As surveillance of work activity increases, scholars argue for protecting privacy of employees.
Amazon recently patented tracking wristbands that could conceivably take surveillance at work to a new level. Although Amazon has stated that it has no intention of using its patented technology to monitor its workers, with this technology, the company could track workers’ movements throughout their warehouses and even send a vibration through the wearable device if a worker reached for the wrong item or took too long on breaks.
Employers across the United States increasingly require employees to use new monitoring technology not altogether unlike Amazon’s device.
But in a recent paper, scholars Ifeoma Ajunwa, Kate Crawford, and Jason Schultz argue that Congress needs to act to protect worker privacy. They suggest three possible pieces of legislation, including an Employee Privacy Protection Act that could “specifically limit workplace surveillance to its appropriate context—actual workplaces and actual workplace tasks.”
Although punch-card systems and video cameras have long been used by employers to monitor their employees, a host of new inventions appear to be on the rise: tracking apps, wearable fitness monitors, wellness programs, radio frequency identity tags, computer monitoring, and more. One survey cited by Ajunwa and her coauthors found that at least 66 percent of companies in the United States track Internet use, for instance.
Ajunwa and her coauthors argue that these kinds of surveillance, particularly when made known to workers, may increase risky activities, like not taking mandated breaks, or may lead to elevated anxiety and lower morale in the workplace.
Employers apparently often make participation in monitoring programs or the wearing of tracking devices a condition of employment, or they encourage participation in ways that are hard to turn down.
According to Ajunwa and her coauthors, one woman brought suit against her employer who fired her for deleting a tracking app from her phone that recorded her activity even when she was outside of work and turned off the app. Another employer reportedly would only pay health insurance premiums of workers who participated in a workplace wellness program, which made it difficult for any employee to refuse.
Ajunwa and her coauthors favor new federal legislation because existing legislation, including anti-discrimination laws covering pregnancy, age, and genetic information, along with the Health Information Portability and Accountability Act, may only restrict some small aspects of worker surveillance.
Ajunwa and her coauthors consider three alternative options. First, an omnibus federal information privacy act could support data privacy throughout society, rather than specifically protecting workers.
The European Union’s Data Directive provides an example of such a law, but Ajunwa and her coauthors feel such a broad act would not suitably protect workers.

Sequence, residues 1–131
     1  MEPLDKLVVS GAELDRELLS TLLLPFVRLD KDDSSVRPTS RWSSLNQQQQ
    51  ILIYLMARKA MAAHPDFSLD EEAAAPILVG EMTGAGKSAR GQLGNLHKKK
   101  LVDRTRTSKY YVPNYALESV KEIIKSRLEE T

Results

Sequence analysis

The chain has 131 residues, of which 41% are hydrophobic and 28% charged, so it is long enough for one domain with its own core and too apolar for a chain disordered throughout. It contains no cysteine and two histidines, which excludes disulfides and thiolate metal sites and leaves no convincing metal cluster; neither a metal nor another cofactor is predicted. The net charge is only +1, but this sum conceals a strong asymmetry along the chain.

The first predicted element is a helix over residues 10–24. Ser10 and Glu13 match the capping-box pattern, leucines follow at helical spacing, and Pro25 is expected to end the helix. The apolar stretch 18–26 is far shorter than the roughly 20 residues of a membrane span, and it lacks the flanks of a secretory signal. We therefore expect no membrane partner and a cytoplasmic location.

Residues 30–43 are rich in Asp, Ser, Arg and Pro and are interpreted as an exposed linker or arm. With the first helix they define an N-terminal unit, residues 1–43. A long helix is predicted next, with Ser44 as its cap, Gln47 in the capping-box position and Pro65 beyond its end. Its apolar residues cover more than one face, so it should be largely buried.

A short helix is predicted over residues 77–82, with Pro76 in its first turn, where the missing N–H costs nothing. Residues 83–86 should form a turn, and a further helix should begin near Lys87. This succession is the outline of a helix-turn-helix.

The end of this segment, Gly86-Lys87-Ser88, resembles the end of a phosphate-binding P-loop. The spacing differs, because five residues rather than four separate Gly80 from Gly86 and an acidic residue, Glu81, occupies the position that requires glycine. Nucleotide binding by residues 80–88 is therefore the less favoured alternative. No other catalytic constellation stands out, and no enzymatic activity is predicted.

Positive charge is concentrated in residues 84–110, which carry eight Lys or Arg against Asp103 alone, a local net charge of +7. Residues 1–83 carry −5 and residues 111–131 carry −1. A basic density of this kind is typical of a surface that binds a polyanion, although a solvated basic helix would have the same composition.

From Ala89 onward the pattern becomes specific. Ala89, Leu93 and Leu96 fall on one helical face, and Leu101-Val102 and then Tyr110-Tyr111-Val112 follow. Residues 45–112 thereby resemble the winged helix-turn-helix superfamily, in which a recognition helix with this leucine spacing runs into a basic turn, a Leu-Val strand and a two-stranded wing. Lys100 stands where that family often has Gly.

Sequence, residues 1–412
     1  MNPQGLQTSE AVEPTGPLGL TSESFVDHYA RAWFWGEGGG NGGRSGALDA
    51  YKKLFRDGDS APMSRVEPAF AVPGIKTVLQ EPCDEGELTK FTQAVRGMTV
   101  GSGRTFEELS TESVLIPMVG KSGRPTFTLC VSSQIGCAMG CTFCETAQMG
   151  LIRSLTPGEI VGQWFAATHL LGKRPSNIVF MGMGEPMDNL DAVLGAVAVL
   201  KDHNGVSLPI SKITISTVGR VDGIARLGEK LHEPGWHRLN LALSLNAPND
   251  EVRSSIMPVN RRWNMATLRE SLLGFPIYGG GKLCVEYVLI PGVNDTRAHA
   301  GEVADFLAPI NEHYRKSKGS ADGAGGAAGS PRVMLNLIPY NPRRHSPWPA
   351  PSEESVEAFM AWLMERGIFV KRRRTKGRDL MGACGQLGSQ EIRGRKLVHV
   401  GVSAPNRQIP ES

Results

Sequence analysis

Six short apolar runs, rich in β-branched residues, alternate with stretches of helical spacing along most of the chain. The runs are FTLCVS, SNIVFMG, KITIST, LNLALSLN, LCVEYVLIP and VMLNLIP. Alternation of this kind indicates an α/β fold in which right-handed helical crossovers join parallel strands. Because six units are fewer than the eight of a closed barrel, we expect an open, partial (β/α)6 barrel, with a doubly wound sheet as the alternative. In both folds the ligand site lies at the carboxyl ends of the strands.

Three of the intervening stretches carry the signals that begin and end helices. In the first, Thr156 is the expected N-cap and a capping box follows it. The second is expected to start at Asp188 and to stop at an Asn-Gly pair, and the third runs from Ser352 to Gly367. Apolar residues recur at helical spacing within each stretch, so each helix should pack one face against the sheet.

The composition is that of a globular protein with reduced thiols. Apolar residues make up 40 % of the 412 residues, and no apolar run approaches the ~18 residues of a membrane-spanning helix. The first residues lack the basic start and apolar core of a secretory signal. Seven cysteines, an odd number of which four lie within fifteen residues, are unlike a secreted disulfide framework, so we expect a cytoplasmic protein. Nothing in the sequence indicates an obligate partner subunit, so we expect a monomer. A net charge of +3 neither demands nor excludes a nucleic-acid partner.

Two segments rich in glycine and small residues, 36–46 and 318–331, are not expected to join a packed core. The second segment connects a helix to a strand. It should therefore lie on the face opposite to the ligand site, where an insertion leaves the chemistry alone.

Since most workers in the United States are “at-will” or have an employment contract that defines what constitutes just cause for termination, a broad omnibus act would allow employers to use their greater bargaining power and use standard notice-and-consent mechanisms in employment contracts to contract around privacy rights.
The authors see privacy as a more fundamental right that employers should not be able to coerce employees into giving up.
Second, Ajunwa and her coauthors argue for an Employee Privacy Protection Act. The act would include an unwaivable prohibition on surveillance outside the workplace or during off-duty time. Other employee protections, like those governing employment discrimination and worker safety, are similarly unwaivable, and Ajunwa and her coauthors argue that a protection that employers could contract around does not take into account unequal bargaining power between workers and employers.
Much like the right to a discrimination-free and safe workplace, Ajunwa and her coauthors view “data autonomy as an essential human right, and one that is part and parcel of the guarantee of an individual’s right to make a livelihood.”
Finally, Ajunwa and her coauthors propose an Employee Health Information Privacy Act as another alternative. Although considerably narrower, this option would address the specific concern about employers increasingly collecting health data about their employees without restrictions. It would clarify that all wellness programs and wearable health tracking devices are covered under existing health privacy laws.
Regardless of which option best balances the needs of employers and employees, the authors highlight the growing need for some kind of privacy protections for workers.
Traditionally unions have fought back against invasions of privacy by publicly shaming employers, but with a decline in unionization, Ajunwa and her coauthors believe workers need more stringent legal restrictions. As the emergence of technology like Amazon’s tracking wristbands suggests, employers could continue to expand their ability to surveil their workers unless legal protections are enacted.